1. A disease is perhaps the right phrase for this.

      Did he? Awesome – my namesake after all πŸ™‚

      Good on ya, Rachna. That’s the way to go !

  4. Really, Sid, this attitude bugs me a lot too. I go to buy stuff for R and find most of them in Blue! R comes home from school and says Pink is for girls and Blue is for boys. He’s only 6. We can only point out to them the nonsensical logic behind such a thinking and be the change we wish to see.
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    1. I know, right!
      Kids as young as 4 and 5 are saying this now. I even came across some books that propagate these stereotypes.

      Be the change we wish to see, indeed. Thanks, Uma

  5. Spoke my mind. Spoke my mind:) Last year I wrote a post for Blogadda on Stereotypes where I mentioned this thing about pink and blue. It’s just very silly and so deep rooted in our society that no one can see beyond it.
    Now a few days ago, I was felicitated at a college and the teacher nudged another saying ‘give her the pink ones’. WHY ON EARTH!? Can’t I love blue?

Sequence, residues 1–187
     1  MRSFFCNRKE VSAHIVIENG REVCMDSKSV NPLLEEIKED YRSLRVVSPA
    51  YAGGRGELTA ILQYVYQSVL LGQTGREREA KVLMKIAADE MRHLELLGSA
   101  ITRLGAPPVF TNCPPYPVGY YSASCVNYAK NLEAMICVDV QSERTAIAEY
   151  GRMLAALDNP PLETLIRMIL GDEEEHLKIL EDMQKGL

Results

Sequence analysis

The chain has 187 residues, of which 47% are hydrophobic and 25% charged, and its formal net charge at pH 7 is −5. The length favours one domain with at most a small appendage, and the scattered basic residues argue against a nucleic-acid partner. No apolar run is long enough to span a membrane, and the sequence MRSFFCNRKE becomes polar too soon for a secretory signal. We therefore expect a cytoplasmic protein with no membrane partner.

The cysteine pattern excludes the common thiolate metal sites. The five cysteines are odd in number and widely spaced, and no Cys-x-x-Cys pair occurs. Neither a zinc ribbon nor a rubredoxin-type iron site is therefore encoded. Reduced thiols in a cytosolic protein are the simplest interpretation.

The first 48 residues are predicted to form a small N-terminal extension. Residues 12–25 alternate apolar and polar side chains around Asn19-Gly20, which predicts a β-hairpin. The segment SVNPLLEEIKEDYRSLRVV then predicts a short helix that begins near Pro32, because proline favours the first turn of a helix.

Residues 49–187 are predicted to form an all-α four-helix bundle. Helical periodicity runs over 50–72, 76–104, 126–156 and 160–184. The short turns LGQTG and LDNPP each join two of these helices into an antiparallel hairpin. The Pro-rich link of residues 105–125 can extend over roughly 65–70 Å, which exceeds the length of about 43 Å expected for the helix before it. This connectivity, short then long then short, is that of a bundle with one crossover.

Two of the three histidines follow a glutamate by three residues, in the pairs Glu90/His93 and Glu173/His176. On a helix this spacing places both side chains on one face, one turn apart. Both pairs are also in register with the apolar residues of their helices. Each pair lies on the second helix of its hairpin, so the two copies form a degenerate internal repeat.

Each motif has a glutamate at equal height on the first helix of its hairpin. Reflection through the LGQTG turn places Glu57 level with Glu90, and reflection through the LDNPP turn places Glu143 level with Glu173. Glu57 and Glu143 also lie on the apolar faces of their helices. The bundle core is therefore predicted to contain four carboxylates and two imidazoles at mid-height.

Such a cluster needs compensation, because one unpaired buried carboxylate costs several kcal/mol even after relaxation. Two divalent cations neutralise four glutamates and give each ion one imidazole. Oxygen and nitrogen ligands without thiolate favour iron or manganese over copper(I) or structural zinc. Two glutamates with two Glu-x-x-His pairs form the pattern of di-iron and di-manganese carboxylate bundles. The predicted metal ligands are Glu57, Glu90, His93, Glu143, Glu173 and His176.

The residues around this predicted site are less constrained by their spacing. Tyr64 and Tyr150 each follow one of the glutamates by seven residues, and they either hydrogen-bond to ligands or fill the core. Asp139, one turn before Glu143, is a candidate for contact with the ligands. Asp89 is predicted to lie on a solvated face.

Thank god my niece loves cars and planes and hates barbies!
    Like you said rightly it’s a parenting thing. Mums need to make sons do their own work. Things like cooking , being independent should not be gender specific. These are life skills after all!

    1. The stereotypes are often what we grow up with. There’s not much we can do apart from try and break it as much as we can.

      I’m glad you dont differentiate on the basis of colours. Now, if only the rest of the world can catch up too.

      Life skills, indeed. Let’s do this.

      Thanks, Divsi.

  6. I’ve had the hardest time breaking stereotypes even within my own family. So much of this is just indoctrinated into their heads… Masterchef Australia should be inspiring people to let their kids become cooks! And pink and blue… gah! Faced that last month even so I guess it isn’t relegated to kids alone!!

    Up to Gen Next to break the stereotype for sure. But I worry if we can, especially after reading today’s infamous triple talaq news.
    Roshan R recently put up this awesome post : Why your astrologer is wrong about you…My Profile

    1. It often starts with our own family – as I said, much closer to home.

      Really? Even for adults?

      The irony is that I’m replying after a long gap, but the triple talaq news is new for the righ reasons.
      Sid recently put up this awesome post : I See YouMy Profile

    1. Like a Ninja, huh? I was going more ‘Dragon Warrior’ style, but hey, Ninja works too.

      Thank you for the support, Rajlakshmi. Always appreciate it.